April 15, 1876, American Architect and Building News,
Altered Assembly Chamber, as published in American Architect and Building News, Dec. 14, 1878, page 197
Below, from Cecil Roseberry's "Capitol Story" (1982) page 24; captioned: "Main floor plan as laid out by Fuller and Gilman. Note the Tower Hall, the Central Court, and the suite of Governor's offices along the left side."
Also from Cecil Roseberry's "Capitol Story" (1982) page 64: "Portion of 3rd floor plan." As fleshed out here, however, Roseberry removes the two mighty furnace flues in the northwest and southwest corners of the "Grand Central Court," leaving the massive corner piers, big enough to be small rooms, as solid masonry features. Since the boilers for heat and steam-power were removed from the Capitol basement to a remote facility shortly after the building opened that would have made sense in the 1960's and 1980's. So why did Paul Mercer and Vickie Weiss put these flues back in on the floor plans they published in 2011? What else have they "dicked" with on the plans, I wonder?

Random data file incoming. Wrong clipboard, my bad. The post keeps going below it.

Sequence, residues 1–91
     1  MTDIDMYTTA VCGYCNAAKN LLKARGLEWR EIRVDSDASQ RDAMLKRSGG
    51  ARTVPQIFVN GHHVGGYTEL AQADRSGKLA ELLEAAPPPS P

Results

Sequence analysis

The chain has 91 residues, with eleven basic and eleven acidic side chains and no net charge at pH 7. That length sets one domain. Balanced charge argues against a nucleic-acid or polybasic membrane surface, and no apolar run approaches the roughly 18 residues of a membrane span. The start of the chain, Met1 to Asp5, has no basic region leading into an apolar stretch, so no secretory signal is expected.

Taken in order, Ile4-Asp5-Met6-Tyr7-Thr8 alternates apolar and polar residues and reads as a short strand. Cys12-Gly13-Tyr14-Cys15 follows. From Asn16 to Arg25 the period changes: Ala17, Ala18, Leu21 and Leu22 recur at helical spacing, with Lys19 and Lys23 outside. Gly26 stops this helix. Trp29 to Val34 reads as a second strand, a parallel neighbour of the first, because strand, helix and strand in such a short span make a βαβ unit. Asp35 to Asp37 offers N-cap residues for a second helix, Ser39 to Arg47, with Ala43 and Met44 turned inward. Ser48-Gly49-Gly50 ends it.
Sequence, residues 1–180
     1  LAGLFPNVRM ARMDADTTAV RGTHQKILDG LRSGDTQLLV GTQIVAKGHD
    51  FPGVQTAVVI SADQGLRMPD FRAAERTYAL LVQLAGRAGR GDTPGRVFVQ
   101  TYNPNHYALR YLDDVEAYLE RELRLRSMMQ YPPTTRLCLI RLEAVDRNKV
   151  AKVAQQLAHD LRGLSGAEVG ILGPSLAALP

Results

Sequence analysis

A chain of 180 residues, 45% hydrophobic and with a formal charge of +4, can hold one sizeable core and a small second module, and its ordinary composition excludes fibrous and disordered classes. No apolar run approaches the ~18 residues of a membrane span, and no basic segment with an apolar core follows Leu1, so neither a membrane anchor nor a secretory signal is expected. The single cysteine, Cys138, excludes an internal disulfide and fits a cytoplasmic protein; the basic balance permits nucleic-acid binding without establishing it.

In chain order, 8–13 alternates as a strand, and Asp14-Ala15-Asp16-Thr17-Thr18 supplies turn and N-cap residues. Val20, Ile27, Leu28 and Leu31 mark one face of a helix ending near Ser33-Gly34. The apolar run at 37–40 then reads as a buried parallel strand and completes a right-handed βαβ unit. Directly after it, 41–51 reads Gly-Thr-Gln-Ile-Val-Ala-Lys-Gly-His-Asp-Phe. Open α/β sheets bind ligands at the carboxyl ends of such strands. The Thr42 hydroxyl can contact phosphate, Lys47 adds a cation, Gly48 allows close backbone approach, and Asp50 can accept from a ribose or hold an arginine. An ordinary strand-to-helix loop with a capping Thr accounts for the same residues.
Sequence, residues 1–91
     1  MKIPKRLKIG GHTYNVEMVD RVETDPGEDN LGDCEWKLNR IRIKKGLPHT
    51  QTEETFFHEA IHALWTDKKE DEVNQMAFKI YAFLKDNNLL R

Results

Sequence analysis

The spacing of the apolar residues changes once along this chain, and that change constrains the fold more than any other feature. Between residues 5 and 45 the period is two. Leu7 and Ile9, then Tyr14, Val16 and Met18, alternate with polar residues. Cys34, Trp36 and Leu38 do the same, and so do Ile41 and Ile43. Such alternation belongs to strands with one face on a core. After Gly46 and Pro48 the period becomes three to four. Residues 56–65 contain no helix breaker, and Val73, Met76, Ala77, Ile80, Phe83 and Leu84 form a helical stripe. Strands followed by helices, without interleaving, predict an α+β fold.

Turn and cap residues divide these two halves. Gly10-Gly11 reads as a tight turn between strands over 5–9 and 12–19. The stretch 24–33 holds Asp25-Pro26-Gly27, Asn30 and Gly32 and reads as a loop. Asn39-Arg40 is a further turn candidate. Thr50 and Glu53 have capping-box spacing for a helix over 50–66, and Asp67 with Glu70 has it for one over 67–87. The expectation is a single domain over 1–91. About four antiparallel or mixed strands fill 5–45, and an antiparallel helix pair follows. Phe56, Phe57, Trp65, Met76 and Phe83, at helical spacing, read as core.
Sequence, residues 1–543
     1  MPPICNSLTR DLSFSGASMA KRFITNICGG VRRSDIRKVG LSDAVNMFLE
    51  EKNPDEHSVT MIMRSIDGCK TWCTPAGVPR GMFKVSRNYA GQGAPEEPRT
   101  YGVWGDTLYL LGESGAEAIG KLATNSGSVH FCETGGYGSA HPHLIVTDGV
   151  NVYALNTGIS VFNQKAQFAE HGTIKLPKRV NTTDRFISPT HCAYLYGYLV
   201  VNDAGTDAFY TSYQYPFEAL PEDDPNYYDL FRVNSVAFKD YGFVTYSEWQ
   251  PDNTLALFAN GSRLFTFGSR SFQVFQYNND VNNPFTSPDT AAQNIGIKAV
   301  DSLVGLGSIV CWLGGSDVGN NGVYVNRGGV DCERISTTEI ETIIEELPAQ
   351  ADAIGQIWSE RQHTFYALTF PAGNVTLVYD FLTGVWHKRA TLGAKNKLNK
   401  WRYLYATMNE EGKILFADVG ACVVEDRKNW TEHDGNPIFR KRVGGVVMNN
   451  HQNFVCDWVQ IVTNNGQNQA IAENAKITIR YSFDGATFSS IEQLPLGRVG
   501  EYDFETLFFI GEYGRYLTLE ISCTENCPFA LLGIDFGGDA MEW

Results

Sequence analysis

And look how much bigger the Western "Million Dollar" Staircase got from Fuller & Gilman's original plans for the feature. Later architects stole a good 12 feet of width from each of the flanking "open courts," originally designed to provide the light and air occupants complained about a lack of. Since this stairway was one of the final constructions in the 1890's, one might think planners would have minimized its realization so late in the game, maybe even realizing that the populace had always preferred taking elevators to hiking up the equivalent of eight flights of stairs---but instead they doubled-down on psychological effect---such as that which appears to have resulted from hoards of mutant mud-wasps building their nests in every available nook and cranny.